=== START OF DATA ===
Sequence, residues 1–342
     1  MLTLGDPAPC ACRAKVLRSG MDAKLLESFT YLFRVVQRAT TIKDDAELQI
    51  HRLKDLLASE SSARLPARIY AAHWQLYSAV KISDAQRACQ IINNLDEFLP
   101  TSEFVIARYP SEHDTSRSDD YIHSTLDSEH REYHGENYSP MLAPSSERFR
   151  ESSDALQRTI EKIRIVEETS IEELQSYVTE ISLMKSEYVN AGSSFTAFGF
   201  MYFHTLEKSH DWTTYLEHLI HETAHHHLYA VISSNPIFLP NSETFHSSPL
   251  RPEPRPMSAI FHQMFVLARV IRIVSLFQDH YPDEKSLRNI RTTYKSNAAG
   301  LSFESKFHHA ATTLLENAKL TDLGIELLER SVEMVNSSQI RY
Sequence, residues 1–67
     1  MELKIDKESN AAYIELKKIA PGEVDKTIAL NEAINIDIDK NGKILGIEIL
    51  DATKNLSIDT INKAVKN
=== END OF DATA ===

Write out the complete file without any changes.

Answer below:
Sequence, residues 1–342
     1  MLTLGDPAPC ACRAKVLRSG MDAKLLESFT YLFRVVQRAT TIKDDAELQI
    51  HRLKDLLASE SSARLPARIY AAHWQLYSAV KISDAQRACQ IINNLDEFLP
   101  TSEFVIARYP SEHDTSRSDD YIHSTLDSEH REYHGENYSP MLAPSSERFR
   151  ESSDALQRTI EKIRIVEETS IEELQSYVTE ISLMKSEYVN AGSSFTAFGF
   201  MYFHTLEKSH DWTTYLEHLI HETAHHHLYA VISSNPIFLP NSETFHSSPL
   251  RPEPRPMSAI FHQMFVLARV IRIVSLFQDH YPDEKSLRNI RTTYKSNAAG
   301  LSFESKFHHA ATTLLENAKL TDLGIELLER SVEMVNSSQI RY
Sequence, residues 1–67
     1  MELKIDKESN AAYIELKKIA PGEVDKTIAL NEAINIDIDK NGKILGIEIL
    51  DATKNLSIDT INKAVKN